Joblessness (loss of the valued social role of worker)
Atlantic magazine in March 2010 ran an article entitled ‘How a new jobless era will transform America.’ It struck me when reading it how much the article was about the loss of (or about the ‘never having had’ in the first place) the valued role of worker.
SRV encourages us to think about working on the level of the: individual, primary and secondary social systems (i.e., family, school, workplace, etc.), and the level of society as a whole (SRV monograph by Wolfensberger, pp. 78-80). This article addresses the likely impacts of the loss, or the ‘never had,’ of the worker role on individuals, communities, and society.
The Atlantic article touches on the following SRV relevant points:
• Wounding as a result of social and societal devaluation. From the article:
Being involuntarily out of work for six months or more … is the worst thing that can happen … equivalent to the death of a spouse, and a ‘kind of bereavement’ in its own right.
Unemployment leaves psychological scars that remain even after work is found again, and, because the happiness of husbands and the happiness of wives are usually closely related, the misery spreads throughout the home.
All available evidence suggests that long bouts of unemployment-particularly male unemployment-still enfeeble the jobless and warp their families to a similar degree, and in many of the same ways.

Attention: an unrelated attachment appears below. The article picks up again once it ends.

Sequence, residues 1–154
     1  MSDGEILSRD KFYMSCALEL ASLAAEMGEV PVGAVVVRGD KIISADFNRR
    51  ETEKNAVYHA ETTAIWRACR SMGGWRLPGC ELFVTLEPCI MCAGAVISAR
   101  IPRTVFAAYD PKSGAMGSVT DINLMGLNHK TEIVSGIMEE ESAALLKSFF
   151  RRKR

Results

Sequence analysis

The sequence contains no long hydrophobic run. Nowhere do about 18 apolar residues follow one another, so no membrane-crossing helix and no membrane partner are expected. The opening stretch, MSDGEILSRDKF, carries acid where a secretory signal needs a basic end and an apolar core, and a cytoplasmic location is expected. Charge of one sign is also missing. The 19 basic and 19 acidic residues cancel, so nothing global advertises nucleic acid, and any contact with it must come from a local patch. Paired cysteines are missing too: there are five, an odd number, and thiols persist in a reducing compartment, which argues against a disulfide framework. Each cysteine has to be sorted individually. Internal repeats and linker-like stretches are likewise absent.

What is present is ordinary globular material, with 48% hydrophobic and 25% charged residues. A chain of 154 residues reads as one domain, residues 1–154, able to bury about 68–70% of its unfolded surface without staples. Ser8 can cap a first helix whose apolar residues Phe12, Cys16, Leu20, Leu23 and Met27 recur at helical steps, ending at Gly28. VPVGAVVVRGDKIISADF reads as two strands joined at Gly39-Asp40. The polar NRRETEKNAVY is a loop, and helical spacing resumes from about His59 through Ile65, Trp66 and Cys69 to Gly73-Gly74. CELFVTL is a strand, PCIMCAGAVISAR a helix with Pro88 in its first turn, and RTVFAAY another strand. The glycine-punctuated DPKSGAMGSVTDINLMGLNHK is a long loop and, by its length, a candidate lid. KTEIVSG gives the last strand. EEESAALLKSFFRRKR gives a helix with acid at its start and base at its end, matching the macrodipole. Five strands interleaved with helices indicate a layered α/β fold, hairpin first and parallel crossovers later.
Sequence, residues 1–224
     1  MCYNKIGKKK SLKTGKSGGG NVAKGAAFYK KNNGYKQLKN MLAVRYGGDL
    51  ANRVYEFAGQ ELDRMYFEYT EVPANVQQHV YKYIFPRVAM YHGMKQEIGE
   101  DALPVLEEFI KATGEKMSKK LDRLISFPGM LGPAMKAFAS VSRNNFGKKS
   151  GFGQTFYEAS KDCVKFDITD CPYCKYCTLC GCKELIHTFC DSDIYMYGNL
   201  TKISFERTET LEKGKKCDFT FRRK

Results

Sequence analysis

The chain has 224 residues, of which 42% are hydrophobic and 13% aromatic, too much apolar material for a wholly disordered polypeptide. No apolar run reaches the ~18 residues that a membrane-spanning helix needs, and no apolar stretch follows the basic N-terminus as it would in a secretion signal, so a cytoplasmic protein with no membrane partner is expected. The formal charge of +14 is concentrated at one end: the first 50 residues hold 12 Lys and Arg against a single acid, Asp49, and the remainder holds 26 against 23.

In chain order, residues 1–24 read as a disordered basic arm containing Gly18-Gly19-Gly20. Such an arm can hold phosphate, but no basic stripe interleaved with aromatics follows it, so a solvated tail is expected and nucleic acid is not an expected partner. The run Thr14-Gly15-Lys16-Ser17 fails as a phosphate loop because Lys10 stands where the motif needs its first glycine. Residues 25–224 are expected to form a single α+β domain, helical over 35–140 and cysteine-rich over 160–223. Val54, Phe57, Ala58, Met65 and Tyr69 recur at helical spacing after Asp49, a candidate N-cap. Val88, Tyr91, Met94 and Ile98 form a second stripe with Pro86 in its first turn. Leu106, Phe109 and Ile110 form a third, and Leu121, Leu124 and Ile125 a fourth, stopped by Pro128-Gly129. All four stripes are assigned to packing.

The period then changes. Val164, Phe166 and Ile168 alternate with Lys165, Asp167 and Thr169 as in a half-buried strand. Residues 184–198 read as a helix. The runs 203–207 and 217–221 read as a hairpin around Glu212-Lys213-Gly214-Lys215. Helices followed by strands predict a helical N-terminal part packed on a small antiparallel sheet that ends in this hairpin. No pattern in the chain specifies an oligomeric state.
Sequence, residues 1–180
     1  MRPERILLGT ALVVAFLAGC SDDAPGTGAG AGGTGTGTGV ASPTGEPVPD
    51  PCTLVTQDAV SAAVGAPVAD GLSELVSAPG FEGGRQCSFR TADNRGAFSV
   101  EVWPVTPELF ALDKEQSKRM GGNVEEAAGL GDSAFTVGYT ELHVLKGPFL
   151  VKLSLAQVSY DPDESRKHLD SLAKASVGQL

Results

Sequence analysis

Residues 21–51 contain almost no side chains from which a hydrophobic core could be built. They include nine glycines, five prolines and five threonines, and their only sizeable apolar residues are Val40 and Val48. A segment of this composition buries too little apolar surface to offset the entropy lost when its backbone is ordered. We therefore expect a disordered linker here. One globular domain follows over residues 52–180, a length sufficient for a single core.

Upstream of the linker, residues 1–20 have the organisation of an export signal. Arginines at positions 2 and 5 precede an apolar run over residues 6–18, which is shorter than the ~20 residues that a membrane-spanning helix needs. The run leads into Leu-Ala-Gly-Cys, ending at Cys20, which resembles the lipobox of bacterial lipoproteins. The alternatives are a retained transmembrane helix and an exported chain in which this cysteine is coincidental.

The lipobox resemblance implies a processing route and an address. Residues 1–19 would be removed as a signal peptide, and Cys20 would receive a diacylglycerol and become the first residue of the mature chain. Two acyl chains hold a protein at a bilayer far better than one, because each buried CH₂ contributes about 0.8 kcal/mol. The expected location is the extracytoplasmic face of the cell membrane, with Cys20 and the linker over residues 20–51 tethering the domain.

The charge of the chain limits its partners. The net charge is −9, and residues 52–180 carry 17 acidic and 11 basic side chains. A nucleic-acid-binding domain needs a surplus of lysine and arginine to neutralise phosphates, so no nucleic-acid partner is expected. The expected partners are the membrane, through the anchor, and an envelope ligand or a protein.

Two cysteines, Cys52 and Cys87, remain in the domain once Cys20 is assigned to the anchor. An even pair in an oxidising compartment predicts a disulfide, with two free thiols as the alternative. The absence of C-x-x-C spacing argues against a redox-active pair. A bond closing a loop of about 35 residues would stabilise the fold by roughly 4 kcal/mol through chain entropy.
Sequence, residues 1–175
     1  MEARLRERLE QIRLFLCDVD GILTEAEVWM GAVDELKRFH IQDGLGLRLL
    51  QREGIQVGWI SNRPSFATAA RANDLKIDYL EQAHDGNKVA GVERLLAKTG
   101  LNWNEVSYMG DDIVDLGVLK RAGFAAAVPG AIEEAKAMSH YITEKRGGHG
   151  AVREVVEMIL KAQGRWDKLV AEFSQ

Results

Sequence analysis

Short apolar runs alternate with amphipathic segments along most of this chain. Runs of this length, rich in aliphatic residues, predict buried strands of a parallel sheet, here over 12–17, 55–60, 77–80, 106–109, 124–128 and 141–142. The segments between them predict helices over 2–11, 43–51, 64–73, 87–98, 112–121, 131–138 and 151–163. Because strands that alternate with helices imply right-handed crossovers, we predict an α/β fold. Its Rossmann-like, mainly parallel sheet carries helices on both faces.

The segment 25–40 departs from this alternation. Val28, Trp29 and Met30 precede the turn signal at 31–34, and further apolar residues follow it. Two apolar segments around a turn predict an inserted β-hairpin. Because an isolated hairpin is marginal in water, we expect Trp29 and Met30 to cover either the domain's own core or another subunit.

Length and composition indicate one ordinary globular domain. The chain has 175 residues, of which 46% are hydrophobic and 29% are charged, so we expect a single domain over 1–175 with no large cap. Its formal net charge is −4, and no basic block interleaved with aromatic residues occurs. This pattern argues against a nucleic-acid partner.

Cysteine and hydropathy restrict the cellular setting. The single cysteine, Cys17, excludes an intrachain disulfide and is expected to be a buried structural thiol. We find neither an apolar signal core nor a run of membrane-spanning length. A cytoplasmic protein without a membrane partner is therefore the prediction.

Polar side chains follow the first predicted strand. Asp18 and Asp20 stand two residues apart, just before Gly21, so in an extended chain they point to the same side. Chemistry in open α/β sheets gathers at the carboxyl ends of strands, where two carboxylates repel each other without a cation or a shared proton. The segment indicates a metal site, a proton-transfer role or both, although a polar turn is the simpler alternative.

• Heightened vulnerability. From the article:
Graduates’ first jobs have an inordinate impact on their career path and [lifetime earnings] … People essentially cannot close the wage gap by working their way up the company hierarchy … They don’t catch up … Seventeen years after graduation, those who had entered the workforce during inhospitable times were still earning 10 percent less on average than those who had emerged into a more bountiful climate.
But regardless of age, all men (who had been laid off) were left with an elevated risk of dying in each year following their episode of unemployment, for the rest of their lives.
• How physical settings and personal appearance communicate role expectancies, personal unconsciousness. From the article:
Some neighbors were at the Walmart (where he worked) a couple of weeks ago, he said, and he rang up their purchase. ‘Maybe they were used to seeing me in a different setting,’ he said–in a suit as he left for work in the morning, or walking the dog in the neighborhood. Or ‘maybe they were daydreaming.’ But they didn’t greet him, and he didn’t say anything. He looked down at his soup, pushing it around the bowl with his spoon for a few seconds before looking up at me. ‘I know they knew me,’ he said. ‘I’ve been in their home.’
• Impact of the lack or loss of valued social roles on the level of an entire community. From the article:
Communities with large numbers of unmarried, jobless men take on an unsavory character over time.
• The impact of devaluation on the level of an entire society. From the article:
If it persists much longer, this era of high joblessness will likely change the life course and character of a generation of young adults–and quite possibly those of the children behind them as well.Tweet
In: Uncategorized · Tagged with: heightened vulnerability, Social Role Valorization, SRV, wounding